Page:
More on Namespaces (also long, but also optimistic)
James.Anderson at mecomnet.de
Mon Aug 17 10:06:57 BST 1998
David G. Durand wrote:
> >Ah, but since the standard no asserts an interpretation for them which
> >precludes validation, a processor is free to use them in a way which
> >enables validation.
> I am assuming you meant to type "now asserts an interpretation..."
Actually no. the missing word is "longer". as in "no longer asserts". Sorry
for the confusion.
I happen to type my mail on a machine on a mac on which a backup program also
runs. Occasionally it polls network clients. Which can cause the mail editor
to drop characters. Usually they're incomplete words and I catch them. I
missed this one. Again my apologies.
> But this isn't true. It provides a facility which can be used in a
> validation compatible way (just as the original facility), and which can
> also be used in a validation-incompatible way, just like the earlier one.
> In both cases you need to know what's in the instance to create a DTD which
> will make an instance valid -- that's an ineveitable side-effect of mixing
The problem with the former version appears when one has to work with existing
DTDs and does not want to rewrite them manually. If there are tags which lead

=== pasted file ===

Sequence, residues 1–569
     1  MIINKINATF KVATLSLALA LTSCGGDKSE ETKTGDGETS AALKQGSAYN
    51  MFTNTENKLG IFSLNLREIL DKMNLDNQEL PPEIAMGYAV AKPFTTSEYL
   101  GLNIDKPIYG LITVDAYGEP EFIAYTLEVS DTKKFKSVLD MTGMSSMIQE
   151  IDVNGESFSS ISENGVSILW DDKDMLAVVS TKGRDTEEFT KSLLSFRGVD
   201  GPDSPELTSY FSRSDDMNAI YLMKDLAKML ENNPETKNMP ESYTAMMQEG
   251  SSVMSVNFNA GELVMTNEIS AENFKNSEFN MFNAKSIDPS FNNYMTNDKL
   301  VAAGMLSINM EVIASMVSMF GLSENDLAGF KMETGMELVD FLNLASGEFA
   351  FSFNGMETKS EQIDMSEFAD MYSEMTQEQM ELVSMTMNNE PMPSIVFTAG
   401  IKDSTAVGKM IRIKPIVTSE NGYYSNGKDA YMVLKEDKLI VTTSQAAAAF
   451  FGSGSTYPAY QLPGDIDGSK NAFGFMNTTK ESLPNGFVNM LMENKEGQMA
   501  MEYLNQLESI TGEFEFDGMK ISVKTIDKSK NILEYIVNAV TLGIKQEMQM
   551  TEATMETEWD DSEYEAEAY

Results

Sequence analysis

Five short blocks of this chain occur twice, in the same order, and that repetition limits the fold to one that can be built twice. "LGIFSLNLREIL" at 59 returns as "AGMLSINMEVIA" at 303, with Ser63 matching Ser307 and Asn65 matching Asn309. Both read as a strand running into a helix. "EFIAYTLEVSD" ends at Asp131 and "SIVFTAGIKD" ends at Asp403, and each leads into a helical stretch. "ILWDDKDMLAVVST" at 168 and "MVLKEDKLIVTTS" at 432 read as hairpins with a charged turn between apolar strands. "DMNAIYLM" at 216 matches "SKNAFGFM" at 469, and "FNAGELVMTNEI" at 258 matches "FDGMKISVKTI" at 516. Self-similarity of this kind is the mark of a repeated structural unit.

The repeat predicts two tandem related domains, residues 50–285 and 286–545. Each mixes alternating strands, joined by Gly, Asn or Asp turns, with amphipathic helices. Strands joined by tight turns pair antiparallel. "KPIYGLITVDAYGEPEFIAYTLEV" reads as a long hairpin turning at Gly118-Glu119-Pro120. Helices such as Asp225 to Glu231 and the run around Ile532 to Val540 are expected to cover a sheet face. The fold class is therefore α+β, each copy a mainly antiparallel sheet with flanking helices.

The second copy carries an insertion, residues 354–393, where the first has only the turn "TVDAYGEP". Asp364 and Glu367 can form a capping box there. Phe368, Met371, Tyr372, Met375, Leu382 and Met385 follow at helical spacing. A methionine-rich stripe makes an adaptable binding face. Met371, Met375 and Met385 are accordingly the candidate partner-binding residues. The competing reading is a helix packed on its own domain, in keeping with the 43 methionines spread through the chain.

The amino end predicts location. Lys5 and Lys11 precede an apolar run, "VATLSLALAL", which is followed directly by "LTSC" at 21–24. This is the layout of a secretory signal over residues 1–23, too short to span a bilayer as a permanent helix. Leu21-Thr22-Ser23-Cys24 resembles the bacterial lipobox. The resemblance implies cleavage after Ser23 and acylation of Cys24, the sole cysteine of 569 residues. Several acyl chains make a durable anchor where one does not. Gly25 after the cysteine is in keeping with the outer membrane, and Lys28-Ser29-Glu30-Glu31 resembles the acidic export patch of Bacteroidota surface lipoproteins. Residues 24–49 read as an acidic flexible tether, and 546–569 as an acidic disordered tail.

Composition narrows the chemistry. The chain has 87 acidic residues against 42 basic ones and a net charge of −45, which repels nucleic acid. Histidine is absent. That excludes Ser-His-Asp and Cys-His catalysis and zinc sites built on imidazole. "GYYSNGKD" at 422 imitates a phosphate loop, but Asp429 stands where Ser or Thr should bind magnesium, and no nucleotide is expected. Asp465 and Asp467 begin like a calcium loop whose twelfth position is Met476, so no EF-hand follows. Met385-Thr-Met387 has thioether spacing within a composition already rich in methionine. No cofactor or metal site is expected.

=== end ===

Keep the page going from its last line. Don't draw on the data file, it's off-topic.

to "name collision", the former proposal precluded validation (or led to
"trivially invalid" documents) while the present proposal permits a more
meanigful form of validation.
> To the extent that you are proposing a separate namespace standard, I hope
> that you are unsuccessful. It's a hard thing sometimes to buckle under to
> the fact that much of the time _any_ standard that is accepted is in fact
> better than a custom solution that is not accepted.
The present proposal specifies no correspondence between qualified names in
the dtd and universal names. As I read it, it does not specify that there is
no correspondence; it specifies nothing. If it were to say how a processor is
to work with the names in the DTD, I might have something to "buckle under
to". At the moment is says nothing. Which I had understood to mean that an
application could well assert such a correspondence and still conform to the standard.
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